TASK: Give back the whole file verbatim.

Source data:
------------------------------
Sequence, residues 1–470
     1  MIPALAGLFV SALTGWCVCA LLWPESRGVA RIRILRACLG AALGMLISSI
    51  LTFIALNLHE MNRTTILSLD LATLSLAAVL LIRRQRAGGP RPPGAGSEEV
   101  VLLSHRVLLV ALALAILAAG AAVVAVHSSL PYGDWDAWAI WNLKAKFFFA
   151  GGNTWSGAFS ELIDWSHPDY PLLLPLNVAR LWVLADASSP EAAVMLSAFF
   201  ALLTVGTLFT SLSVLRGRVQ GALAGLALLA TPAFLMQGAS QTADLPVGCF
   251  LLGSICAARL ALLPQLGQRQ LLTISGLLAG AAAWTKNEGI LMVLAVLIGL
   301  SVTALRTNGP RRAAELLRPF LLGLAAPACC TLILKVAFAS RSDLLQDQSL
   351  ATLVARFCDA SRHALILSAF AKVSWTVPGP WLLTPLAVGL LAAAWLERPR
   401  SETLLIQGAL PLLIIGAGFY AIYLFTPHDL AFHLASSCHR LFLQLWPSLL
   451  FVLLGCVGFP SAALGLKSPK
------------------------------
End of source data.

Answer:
Sequence, residues 1–470
     1  MIPALAGLFV SALTGWCVCA LLWPESRGVA RIRILRACLG AALGMLISSI
    51  LTFIALNLHE MNRTTILSLD LATLSLAAVL LIRRQRAGGP RPPGAGSEEV
   101  VLLSHRVLLV ALALAILAAG AAVVAVHSSL PYGDWDAWAI WNLKAKFFFA
   151  GGNTWSGAFS ELIDWSHPDY PLLLPLNVAR LWVLADASSP EAAVMLSAFF
   201  ALLTVGTLFT SLSVLRGRVQ GALAGLALLA TPAFLMQGAS QTADLPVGCF
   251  LLGSICAARL ALLPQLGQRQ LLTISGLLAG AAAWTKNEGI LMVLAVLIGL
   301  SVTALRTNGP RRAAELLRPF LLGLAAPACC TLILKVAFAS RSDLLQDQSL
   351  ATLVARFCDA SRHALILSAF AKVSWTVPGP WLLTPLAVGL LAAAWLERPR
   401  SETLLIQGAL PLLIIGAGFY AIYLFTPHDL AFHLASSCHR LFLQLWPSLL
   451  FVLLGCVGFP SAALGLKSPK